Moreover, there’s danger in what people think can actually be recycled. Things like lead paint or spray cans are often carelessly thrown into a recycling bin, when we don’t consider that the deadly toxins within can potentially contaminate other recyclable materials.
While it’s okay to still recycle (and certainly better than nothing), we want to encourage creative reuse in its place: that is, the reuse of a used product in a creative form.
Learn a little more about it here.
Biodegradable: Good or Bad?
You may have heard the word “biodegradable” recently, and wondered what it means. It even sounds positive, what with that handy little “bio” prefix attached to it.
If “bio” means “life,” it must be good for the earth… Right?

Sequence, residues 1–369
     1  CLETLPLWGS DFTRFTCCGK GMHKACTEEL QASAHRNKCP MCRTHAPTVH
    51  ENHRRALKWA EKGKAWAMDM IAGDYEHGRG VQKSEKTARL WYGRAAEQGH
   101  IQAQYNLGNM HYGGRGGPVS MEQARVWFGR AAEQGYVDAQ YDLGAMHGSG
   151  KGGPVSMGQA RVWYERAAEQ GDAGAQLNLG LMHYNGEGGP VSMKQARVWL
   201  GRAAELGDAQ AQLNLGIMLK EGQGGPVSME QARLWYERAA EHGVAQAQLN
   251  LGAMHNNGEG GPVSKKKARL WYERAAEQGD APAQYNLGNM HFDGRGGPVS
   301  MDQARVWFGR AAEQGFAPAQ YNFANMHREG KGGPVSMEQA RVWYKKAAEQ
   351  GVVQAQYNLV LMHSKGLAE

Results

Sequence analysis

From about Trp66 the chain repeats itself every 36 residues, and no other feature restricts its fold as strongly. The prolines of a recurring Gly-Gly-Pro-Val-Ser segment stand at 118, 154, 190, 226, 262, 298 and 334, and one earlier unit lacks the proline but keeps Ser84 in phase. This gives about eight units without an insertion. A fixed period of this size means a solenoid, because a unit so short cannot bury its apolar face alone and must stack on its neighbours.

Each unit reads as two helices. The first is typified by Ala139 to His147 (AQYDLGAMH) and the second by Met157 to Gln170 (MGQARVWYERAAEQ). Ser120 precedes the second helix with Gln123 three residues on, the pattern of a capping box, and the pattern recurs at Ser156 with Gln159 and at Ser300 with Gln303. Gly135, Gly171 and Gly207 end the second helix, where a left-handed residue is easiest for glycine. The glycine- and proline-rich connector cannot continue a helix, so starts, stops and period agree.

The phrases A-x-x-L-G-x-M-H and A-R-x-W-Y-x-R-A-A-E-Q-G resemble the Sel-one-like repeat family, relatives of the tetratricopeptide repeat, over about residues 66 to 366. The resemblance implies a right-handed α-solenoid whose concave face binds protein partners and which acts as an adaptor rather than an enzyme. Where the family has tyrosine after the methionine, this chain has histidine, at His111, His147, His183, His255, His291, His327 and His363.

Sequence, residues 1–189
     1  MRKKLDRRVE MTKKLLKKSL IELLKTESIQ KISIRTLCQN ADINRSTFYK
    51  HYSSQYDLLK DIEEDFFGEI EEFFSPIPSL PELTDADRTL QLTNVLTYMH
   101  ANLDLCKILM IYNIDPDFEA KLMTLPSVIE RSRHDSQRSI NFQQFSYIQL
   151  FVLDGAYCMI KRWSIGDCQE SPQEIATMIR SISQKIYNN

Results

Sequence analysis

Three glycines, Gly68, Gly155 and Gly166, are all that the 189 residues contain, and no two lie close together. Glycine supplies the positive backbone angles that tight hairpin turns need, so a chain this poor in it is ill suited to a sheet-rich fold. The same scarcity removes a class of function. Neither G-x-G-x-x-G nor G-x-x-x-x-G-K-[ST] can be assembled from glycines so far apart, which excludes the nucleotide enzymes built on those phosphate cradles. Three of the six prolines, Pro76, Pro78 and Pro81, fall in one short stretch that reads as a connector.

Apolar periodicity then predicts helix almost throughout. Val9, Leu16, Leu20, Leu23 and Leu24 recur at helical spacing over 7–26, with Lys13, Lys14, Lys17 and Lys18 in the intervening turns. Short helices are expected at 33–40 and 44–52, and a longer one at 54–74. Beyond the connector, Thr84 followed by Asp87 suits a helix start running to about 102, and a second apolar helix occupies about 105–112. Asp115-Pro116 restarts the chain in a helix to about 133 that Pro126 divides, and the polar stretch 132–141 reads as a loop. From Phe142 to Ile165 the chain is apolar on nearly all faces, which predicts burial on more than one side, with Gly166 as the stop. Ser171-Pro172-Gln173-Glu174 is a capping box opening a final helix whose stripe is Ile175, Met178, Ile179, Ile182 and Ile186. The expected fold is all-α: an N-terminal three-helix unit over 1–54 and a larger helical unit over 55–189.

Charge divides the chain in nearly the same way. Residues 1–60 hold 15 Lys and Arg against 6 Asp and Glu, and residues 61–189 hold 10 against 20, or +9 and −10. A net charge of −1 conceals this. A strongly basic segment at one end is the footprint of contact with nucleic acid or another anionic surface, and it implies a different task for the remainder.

Well. Yes and no. Let’s dive into it.
Biodegradable products are items that can be broken down by natural elements—water, wind, air, etc— as opposed to being incinerated or left in a landfill for thousands of years on end. The idea is that biodegradable products are also faster in decomposing, and thus “naturally” able to disappear within our soil and waters.
Moreover (and ever so attractively), they only require 35 percent of the energy that’s usually needed to produce regular plastics.
It certainly sounds like a viable, eco-friendly option. So… What are the potential problems?
The first problem is that these biodegradable products are still going into a landfill with other non-biodegradable items.